of the Cr.P.C.
While parting with the judgment, the Court observed that the concept of house
arrest as custody under Section 167 of the CrPC had not engaged courts including
the Supreme Court. However, considering the issue and noticing its ingredients,
it would very much be part of custody
under Section 167 of the CrPC. In this
backdrop, it was held that it would be open to courts to order house arrest
under Section 167 of the CrPC considering factors like age, health conditions,
antecedents of the accused, the nature of crime, the need for other forms of
custody and the ability to enforce the terms of house arrest.
The Court in its judgment said that house arrest can be employed by courts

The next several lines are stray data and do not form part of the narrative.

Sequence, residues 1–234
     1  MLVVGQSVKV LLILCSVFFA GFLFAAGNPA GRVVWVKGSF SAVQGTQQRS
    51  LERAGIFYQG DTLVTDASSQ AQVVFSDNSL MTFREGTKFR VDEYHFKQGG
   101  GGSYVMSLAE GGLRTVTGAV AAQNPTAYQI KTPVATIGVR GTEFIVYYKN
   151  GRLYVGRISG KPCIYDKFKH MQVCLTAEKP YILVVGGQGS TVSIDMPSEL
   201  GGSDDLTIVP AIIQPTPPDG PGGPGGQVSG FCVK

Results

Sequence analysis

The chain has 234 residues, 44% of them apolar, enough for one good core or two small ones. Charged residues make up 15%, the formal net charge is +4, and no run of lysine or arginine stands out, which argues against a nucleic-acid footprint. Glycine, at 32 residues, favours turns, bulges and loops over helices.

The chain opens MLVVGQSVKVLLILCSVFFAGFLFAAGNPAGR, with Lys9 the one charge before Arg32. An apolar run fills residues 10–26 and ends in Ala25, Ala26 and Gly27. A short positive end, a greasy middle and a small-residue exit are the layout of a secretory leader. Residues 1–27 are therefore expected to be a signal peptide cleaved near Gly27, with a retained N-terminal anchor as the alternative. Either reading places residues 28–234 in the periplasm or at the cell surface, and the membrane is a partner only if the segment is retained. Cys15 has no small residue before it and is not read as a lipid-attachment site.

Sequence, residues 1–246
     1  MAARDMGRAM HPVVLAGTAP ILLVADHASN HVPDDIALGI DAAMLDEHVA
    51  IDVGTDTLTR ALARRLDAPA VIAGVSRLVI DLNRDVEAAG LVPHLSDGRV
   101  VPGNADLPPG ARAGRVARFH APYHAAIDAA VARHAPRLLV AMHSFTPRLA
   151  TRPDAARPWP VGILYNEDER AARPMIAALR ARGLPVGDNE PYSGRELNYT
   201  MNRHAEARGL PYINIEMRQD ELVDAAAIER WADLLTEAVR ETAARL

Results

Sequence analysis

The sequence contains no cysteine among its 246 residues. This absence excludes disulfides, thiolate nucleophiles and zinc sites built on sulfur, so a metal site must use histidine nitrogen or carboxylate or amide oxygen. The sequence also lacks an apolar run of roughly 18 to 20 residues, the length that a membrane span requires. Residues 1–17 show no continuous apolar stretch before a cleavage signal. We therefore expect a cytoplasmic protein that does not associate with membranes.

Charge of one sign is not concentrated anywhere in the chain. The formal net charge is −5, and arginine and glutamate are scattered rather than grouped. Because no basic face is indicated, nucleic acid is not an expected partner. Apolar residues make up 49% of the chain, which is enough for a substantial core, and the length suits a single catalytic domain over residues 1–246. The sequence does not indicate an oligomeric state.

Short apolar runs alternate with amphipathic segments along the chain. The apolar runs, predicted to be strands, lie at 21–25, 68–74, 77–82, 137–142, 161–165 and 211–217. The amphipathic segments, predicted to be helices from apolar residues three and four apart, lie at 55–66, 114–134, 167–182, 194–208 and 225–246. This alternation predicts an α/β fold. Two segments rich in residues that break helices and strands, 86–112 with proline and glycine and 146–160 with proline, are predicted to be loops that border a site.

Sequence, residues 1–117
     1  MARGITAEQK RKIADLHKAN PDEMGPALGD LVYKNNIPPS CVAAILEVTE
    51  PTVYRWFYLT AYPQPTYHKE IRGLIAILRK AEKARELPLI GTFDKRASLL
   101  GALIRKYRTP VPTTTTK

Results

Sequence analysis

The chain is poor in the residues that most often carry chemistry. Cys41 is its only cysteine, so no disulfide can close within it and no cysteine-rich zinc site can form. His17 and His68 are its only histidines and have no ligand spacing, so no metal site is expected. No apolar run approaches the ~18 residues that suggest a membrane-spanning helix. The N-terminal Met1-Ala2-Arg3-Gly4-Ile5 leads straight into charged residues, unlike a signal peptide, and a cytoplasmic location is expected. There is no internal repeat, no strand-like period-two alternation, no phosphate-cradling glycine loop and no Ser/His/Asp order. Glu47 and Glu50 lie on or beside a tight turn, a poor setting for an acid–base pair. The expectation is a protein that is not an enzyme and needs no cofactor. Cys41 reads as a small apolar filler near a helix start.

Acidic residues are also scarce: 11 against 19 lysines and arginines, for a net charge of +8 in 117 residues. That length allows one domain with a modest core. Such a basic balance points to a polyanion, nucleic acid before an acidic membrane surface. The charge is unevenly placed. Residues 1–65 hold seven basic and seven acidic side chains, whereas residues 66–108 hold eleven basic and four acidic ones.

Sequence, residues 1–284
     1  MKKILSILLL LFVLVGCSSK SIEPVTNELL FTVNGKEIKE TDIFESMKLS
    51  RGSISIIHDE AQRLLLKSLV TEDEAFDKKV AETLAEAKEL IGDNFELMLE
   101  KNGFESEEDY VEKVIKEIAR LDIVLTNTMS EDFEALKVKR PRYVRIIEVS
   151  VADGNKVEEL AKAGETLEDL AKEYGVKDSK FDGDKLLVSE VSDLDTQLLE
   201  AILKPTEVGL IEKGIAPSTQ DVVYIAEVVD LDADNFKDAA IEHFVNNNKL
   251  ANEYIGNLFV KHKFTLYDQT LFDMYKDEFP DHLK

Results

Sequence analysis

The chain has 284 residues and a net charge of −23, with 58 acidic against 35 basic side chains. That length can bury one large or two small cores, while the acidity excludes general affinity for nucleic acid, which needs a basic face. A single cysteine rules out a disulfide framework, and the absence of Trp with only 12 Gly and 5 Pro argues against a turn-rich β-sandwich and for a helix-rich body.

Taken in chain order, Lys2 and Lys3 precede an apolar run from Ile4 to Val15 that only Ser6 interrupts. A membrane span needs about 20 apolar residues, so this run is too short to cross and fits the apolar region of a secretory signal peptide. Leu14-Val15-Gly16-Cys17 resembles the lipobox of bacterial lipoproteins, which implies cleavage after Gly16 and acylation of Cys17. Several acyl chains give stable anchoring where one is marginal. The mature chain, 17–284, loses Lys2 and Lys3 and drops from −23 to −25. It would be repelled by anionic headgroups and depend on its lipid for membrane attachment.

taking into account criteria like age, health condition and the antecedents of
the accused, the nature of the crime etc.
It will be open to courts to order house arrest of accused persons under Section
167 of the Code of Criminal Procedure in appropriate cases, the Supreme Court
ruled on Wednesday (Gautam Navlakha v. National Investigation Agency
The Supreme Court observed that in appropriate cases, courts can order house
arrest under Section 167 of Code of Criminal Procedure. The court said that, to
order house arrest, courts can consider criteria like age, health condition and
the antecedents of the accused, the nature of the crime, the need for other
forms of custody and the ability to enforce the terms of the house arrest.
Gautam Navlakha’s house arrest
Gautam Navlakha was arrested on August 28, 2018 from his residence in New Delhi.
Pursuant to his arrest, Navlakha moved a plea of Habeas Corpus before the Delhi
High Court seeking his release contending that his arrest was illegal. At the